Abstract and Keywords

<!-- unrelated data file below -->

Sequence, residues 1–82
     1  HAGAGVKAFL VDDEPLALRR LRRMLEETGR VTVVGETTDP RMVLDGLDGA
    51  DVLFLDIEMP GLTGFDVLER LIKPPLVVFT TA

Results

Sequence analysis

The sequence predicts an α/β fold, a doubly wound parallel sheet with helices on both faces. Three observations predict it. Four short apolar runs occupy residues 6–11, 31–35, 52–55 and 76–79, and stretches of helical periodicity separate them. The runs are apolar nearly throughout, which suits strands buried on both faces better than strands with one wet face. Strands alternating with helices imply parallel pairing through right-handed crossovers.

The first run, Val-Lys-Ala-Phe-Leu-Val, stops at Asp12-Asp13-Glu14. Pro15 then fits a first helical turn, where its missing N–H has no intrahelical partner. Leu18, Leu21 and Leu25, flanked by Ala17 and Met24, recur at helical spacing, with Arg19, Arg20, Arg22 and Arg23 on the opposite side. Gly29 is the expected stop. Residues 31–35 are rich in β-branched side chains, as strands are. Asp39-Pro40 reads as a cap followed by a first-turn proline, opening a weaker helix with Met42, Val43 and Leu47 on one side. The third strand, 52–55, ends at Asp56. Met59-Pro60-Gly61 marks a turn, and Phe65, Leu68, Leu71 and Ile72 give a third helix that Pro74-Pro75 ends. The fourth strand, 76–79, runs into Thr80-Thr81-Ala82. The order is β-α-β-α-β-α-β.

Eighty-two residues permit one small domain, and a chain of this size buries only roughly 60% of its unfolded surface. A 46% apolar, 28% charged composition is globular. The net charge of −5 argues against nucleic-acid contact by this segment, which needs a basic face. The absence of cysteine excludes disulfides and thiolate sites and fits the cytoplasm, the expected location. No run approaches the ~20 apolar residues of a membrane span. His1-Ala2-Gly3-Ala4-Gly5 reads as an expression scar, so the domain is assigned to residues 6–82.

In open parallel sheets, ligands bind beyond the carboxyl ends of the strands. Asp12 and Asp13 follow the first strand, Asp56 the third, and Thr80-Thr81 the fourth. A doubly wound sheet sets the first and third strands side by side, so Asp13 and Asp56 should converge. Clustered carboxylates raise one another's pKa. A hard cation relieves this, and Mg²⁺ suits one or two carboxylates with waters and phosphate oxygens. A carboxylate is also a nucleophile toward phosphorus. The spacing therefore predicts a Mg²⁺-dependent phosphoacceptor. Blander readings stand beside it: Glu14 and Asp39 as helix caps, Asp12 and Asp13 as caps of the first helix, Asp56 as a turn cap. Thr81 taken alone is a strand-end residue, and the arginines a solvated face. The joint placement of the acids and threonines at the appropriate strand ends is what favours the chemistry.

Buddhism arose during the fifth century BCE in what is today Nepal and northeastern India to become one of the world's first transregional religions. In crossing from one region to another, hybrid practices emerged as it made contact with other spiritual and cultural traditions. That sort of transculturation, in which both itinerant religious practices and shifting local cultures were transformed, has characterized the history of Buddhism as it moved throughout Asia and the rest of the world. By the time Buddhism died out in India during the thirteenth century, it had spread throughout almost all of southeastern, central, and eastern Asia. Buddhism was transnational and transcultural—with new hybrid rituals, institutions, artifacts, and beliefs emerging as it crossed borders and interacted with local cultures and vernacular religions. This article deals with Buddhism outside Asia, including the United States.
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